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Jubilee for the Doctor Who series - each Doctor brought with him new scientific developments

In the fifty years of the mythological series Doctor Who, the actors and directors changed, and with them new scientific developments were also presented following discoveries by science - starting with computing and robotics, through regenerative medicine, nanotechnology and quantum physics, all to help the hero carry out his tasks in the series

A British postal stamp issued in 1999 commemorating the series Dr. Who. Photo: Neftali /
A stamp of the British post office issued in 1999 commemorating the Dr. Who series. Photo: Neftali /

Today, November 23, the BBC will broadcast a special episode for the 50th anniversary of the humorous science fiction series Doctor Who, which, under the pressure of fans, refuses to go off the air.

The first Doctor who was portrayed in the years 1963-1966 by William Hartnell, brought with him the gospel of time travel. The Doctor lands in different eras in history and in the future with the TARDIS - his battered police box, the type of box used by British police officers for their work in the field, and as a phone booth connected directly to police headquarters. The field of time travel remains to this day in the realm of science fiction, unless one calls for the correction made to take into account the theory of relativity in the construction of the clocks used by the GPS satellites, otherwise the GPS would drift 3 km every day.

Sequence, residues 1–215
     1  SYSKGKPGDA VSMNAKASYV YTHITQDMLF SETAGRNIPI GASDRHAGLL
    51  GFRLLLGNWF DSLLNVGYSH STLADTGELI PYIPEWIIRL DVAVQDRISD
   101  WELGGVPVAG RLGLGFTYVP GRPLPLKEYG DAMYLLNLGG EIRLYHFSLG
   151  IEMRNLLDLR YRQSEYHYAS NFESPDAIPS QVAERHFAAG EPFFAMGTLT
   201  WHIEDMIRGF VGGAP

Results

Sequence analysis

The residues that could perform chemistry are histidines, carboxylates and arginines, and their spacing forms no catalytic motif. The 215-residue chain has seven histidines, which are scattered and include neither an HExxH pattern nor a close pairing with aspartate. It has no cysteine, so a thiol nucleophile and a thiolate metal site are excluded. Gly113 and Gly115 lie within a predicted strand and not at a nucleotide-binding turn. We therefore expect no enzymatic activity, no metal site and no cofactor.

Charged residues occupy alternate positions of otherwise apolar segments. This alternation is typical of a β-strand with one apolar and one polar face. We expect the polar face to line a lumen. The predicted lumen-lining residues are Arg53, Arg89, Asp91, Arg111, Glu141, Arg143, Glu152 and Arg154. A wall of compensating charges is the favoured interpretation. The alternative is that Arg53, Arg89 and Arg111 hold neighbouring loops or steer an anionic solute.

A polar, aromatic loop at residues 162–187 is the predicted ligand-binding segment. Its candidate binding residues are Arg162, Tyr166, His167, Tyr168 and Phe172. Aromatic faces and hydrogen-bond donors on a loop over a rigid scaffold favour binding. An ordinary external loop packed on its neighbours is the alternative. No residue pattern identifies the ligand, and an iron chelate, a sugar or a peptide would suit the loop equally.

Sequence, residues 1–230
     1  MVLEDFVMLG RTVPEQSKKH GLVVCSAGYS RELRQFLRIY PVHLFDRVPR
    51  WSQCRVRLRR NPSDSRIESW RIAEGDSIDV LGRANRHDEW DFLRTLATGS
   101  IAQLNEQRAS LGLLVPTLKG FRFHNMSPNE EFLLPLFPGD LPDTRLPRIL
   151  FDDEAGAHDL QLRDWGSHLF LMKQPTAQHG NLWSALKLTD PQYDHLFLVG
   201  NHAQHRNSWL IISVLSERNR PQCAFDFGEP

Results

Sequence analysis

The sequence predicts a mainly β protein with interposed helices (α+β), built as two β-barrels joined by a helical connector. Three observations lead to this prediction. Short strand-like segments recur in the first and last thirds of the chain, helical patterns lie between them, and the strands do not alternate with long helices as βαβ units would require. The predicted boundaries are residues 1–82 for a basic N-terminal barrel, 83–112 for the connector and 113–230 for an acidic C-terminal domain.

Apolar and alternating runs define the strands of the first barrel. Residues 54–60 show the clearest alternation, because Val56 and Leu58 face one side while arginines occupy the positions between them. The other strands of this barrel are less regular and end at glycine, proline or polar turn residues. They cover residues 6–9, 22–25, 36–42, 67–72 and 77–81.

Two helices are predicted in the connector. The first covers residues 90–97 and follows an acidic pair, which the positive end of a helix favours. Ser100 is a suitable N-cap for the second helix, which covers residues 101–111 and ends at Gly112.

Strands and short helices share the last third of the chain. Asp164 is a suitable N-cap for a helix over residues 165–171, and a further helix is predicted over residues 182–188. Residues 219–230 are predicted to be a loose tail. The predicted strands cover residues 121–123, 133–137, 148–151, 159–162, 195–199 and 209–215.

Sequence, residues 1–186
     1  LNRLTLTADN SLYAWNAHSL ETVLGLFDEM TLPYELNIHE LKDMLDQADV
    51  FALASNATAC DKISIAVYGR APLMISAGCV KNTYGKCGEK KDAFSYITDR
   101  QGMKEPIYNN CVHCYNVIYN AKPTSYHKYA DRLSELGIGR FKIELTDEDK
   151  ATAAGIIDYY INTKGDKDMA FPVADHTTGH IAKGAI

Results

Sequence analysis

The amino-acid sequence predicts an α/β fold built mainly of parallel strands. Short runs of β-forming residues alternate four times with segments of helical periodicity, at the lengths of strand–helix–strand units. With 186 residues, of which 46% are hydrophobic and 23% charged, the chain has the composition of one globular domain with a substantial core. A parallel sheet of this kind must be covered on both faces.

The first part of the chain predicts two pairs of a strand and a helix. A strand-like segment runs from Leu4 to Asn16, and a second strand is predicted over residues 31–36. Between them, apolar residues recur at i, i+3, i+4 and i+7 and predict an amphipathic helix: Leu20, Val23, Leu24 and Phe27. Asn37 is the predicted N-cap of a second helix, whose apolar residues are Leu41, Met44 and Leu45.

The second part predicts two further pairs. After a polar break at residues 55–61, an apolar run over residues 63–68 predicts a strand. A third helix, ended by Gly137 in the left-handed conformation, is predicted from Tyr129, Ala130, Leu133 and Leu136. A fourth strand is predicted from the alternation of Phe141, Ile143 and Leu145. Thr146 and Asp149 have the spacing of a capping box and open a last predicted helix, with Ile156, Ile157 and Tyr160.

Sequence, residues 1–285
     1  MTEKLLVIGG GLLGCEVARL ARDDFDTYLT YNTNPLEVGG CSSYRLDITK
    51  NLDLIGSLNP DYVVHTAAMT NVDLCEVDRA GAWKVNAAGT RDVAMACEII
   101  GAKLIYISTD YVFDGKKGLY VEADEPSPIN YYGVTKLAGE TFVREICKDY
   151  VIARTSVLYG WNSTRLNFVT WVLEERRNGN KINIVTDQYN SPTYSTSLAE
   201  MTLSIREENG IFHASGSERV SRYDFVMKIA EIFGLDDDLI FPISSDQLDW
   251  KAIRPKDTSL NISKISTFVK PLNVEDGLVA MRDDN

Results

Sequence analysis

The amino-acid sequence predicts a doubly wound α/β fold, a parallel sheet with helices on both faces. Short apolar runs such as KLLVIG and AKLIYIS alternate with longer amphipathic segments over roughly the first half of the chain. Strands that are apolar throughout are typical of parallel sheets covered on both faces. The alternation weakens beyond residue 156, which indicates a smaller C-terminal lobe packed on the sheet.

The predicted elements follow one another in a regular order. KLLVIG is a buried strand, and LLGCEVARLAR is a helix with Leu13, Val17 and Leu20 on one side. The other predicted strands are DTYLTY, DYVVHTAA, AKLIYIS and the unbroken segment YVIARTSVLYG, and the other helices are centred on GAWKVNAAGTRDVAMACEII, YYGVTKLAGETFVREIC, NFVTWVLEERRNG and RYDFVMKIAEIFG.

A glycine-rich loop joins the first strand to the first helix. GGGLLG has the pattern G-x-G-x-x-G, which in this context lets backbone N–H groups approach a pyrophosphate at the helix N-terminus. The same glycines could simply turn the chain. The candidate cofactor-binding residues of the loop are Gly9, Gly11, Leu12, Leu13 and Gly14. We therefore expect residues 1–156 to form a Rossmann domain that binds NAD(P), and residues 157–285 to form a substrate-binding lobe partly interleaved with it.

The second doctor, Patrick Troghton (Troghton -1967-1969) has already added issues on regenerative medicine to the chapters. To explain the personal changes the Doctor had to reinvent himself. We cannot regenerate humans, but regenerative medicine allows us to grow tissues from that person's body outside the body and thus prevent the rejection of the transplant. Although already in 1997, Dr. Jay Vakanti from the Massachusetts General Hospital managed to grow a human ear on the back of a mouse, but it is only about the external configuration and not all the internal complexity. Today, the direction of regenerative medicine is to develop cells from induced stem cells (originating from the patient's own skin) and inject them back into the body in order to encourage it to regenerate the tissue itself.

During Trafton's time, the character of Cyberman was also upgraded - a hybrid of man and machine. Even today we are far from that regarding humans. Regarding other creatures anyway - in 2006, DARPA held a competition to develop hybrids of robots and insects. Today a startup company called Brains has developed such a kit that can be controlled from a smartphone.